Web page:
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CASE REPORT
Year : 2016  |  Volume : 6  |  Issue : 2  |  Page : 89-92

When the picture is fragmented: Vitamin B12deficiency masquerading as thrombotic thrombocytopenic purpura


1 Norton Thoracic Institute, St. Joseph's Hospital and Medical Center, Phoenix, AZ, USA
2 Department of Hospital Medicine, Medicine Institute, Cleveland Clinic, Cleveland, OH, USA
3 Department of Medicine, Division of Hematology-Oncology, James Graham Brown Cancer Center, School of Medicine, University of Louisville, Louisville, KY, USA
4 Department of Medicine, Division of General Internal Medicine, Palliative Medicine and Medical Education, School of Medicine, University of Louisville, Louisville, KY, USA

Correspondence Address:
Tanmay S Panchabhai
Norton Thoracic Institute, St. Joseph's Hospital and Medical Center, 500 W Thomas Road, Suite 500, Phoenix, AZ
USA
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Source of Support: None, Conflict of Interest: None


DOI: 10.4103/2229-5151.183026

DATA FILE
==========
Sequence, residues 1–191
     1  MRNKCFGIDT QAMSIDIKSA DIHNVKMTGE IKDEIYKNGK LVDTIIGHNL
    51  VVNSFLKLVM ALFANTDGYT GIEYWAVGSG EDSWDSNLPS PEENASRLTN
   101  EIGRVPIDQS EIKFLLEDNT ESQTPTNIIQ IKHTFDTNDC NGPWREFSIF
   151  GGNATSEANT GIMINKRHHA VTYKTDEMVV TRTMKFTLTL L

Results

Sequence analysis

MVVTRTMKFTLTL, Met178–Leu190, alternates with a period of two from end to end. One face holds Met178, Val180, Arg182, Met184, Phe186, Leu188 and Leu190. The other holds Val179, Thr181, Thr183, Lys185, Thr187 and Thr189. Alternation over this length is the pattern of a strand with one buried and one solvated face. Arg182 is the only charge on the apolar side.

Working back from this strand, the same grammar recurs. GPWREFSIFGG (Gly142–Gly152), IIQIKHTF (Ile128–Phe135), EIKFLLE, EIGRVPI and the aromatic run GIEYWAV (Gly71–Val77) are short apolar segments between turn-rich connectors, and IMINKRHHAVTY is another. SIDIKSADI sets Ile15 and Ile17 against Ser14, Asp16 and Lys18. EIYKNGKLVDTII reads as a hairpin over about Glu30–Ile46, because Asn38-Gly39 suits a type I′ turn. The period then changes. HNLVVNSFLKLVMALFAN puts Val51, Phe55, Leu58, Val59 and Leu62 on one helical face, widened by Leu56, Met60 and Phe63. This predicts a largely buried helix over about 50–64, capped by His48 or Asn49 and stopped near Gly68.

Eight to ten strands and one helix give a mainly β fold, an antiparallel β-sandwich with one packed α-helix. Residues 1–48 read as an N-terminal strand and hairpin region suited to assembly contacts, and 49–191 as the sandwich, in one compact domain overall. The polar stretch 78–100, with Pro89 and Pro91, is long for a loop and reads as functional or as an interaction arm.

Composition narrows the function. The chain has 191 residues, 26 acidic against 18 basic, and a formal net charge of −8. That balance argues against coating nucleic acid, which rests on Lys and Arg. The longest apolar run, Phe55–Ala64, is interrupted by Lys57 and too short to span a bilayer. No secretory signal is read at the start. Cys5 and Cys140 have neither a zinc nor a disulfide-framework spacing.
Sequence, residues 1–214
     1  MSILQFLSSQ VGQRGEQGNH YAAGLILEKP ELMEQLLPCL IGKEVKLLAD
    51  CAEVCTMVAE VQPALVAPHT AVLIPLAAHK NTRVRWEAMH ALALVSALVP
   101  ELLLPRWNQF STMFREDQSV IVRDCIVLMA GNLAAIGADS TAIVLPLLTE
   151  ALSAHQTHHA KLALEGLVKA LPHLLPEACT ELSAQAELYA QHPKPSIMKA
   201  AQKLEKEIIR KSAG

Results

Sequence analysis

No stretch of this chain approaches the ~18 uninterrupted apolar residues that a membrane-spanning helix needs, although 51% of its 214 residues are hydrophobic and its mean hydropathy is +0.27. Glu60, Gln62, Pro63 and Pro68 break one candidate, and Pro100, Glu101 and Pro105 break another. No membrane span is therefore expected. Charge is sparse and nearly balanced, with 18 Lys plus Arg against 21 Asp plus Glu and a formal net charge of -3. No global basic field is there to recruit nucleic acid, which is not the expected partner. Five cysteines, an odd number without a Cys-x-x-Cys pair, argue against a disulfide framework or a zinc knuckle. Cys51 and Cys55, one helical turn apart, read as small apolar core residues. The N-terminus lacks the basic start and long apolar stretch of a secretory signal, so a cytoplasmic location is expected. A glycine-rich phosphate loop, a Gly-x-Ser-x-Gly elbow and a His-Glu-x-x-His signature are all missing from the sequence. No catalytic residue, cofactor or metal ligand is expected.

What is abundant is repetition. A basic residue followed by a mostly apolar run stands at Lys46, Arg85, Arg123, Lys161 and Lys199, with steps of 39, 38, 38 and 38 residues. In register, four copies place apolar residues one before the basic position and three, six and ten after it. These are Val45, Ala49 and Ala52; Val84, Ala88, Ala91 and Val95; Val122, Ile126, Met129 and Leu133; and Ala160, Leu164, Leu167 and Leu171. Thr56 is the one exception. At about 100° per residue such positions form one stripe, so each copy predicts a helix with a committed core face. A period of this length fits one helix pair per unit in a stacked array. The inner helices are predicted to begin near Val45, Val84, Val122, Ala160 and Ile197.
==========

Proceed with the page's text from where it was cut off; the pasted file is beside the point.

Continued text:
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Thrombotic thrombocytopenic purpura (TTP) has high mortality and necessitates prompt recognition of microangiopathic hemolytic anemia (MAHA) and initiation of plasmapheresis. We present a challenging diagnostic workup and management of a 42-year-old man who presented with anemia, thrombocytopenia, and schistocytes on peripheral smear, all pointing to MAHA. Plasmapheresis and steroid therapy were promptly initiated, but hemolysis continued. Further workup showed megaloblastic anemia, severe Vitamin B12deficiency, high iron saturation, and absent reticulocytosis, none of which could be explained by TTP. Severe Vitamin B12deficiency can lead to hemolytic anemia from the destruction of red cells in the marrow that have failed the process of maturation. However, this should not cause thrombotic microangiopathy. Previous reports of B12deficiency presenting with MAHA and a TTP-like manifestation have identified acute hyperhomocysteinemia as a missing link between B12deficiency and MAHA, so this possibility was further explored. Our patient similarly had significantly elevated serum homocysteine levels, confirming this suspicion of Vitamin B12deficiency. Vitamin B12replacement led to normalization of the elevated levels of homocysteine, the disappearance of schistocytes on the peripheral smear, and resolution of the microangiopathic hemolysis, thereby confirming the diagnosis. It is pertinent that intensivists not only know the importance of early recognition and treatment of TTP but are also familiar with rare conditions that can present in a similar fashion.


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